22 Jun 2021
A new joint publication, “Mapping Migration, Mapping Churches’ Response in Europe,” has been released by the Churches’ Commission for Migrants in Europe (CCME) and World Council of Churches (WCC).
The new publication was released as part of an online ecumenical event held recently by WCC and the Council for World Mission entitled “Anti-racist in Christ? Ecumenical Christian Repentance, Reflection and Action on Racial Discrimination and Xenophobia.”
Both the event and the study are pursuing work and policies to confront racism and to invite anti-racist action, habits and policies.
The CCME general secretary, Torsten Moritz, who presented the study, said: “Both in understanding the colourful ecumenical reality of churches in Europe and in addressing the road ahead for becoming churches of unity and equality – mapping the reality on the ground is the first step. This is what the study does, and in doing so, it both encourages and challenges us as churches and ecumenical family in Europe.”
“In addition to presenting more recent statistical data, this third edition of the study particularly looks at how migration is changing the reality of churches in Europe – with new patterns of Christian churches springing up and changing the reality of existing churches,” explains the study’s foreword. The publication then offers a snapshot of the intercultural and diverse reality of many societies and churches across Europe.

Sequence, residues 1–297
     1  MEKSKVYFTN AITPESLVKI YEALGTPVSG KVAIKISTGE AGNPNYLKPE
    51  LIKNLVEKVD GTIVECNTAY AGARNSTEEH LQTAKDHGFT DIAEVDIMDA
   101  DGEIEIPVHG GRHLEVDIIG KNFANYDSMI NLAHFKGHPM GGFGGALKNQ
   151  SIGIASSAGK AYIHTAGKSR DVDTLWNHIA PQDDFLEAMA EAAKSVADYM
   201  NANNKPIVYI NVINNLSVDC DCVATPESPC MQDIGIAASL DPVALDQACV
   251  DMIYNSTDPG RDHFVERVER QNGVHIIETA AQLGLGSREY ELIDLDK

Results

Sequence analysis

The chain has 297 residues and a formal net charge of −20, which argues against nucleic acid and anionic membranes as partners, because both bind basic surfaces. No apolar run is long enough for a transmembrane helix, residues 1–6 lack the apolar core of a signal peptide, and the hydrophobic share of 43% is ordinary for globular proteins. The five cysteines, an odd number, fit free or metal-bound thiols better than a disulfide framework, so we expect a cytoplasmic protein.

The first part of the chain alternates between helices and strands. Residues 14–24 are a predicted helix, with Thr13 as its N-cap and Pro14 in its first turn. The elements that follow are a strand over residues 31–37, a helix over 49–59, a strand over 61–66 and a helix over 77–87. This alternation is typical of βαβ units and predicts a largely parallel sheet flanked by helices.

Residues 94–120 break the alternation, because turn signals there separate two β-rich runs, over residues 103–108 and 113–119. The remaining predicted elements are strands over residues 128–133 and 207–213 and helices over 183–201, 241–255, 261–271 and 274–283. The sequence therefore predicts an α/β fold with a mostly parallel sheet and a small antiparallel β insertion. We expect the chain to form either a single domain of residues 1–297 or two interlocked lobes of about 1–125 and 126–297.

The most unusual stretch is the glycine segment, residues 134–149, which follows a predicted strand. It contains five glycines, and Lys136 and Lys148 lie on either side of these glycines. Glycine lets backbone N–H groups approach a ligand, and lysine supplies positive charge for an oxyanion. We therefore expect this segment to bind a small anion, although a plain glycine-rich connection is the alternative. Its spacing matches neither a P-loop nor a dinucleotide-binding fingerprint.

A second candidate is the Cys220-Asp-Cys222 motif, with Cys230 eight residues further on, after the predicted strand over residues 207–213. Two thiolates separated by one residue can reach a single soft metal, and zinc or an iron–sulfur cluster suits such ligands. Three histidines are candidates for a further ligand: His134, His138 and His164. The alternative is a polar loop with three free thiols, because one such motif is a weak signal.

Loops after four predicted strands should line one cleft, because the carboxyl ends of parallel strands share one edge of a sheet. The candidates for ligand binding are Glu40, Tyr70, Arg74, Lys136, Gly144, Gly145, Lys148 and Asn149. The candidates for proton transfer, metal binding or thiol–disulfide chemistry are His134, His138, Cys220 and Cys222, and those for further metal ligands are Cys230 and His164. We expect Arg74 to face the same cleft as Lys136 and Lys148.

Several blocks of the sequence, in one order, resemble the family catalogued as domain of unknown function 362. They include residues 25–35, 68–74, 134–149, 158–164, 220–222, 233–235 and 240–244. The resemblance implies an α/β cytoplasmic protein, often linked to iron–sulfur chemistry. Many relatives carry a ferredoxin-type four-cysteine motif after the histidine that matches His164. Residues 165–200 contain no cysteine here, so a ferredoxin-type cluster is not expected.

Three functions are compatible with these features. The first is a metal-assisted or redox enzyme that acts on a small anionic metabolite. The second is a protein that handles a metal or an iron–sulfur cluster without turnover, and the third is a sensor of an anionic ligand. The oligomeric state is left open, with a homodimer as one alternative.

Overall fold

The first edition was published in April 2008; the second edition in 2016.
The study, authored by Rev. Prof. Darrell Jackson and Dr Alessia Passarelli, explores questions such as: “In which way then do churches position themselves in these debates? Does living in multicultural societies have an impact on the constituency of churches and on their way of being church?”
The study examines the efforts of established churches in Europe in uniting in diversity as well as the reality of churches, fellowships and congregations founded and governed by migrants or the descendants of previous migrant generations. It is in part based on more than 70 responses to a differentiated questionnaire from more than 20 countries across Europe, shared in the Churches’ Commission for Migrants in Europe membership but also with the help of the Conference of European Churches as well as theologians and scholars.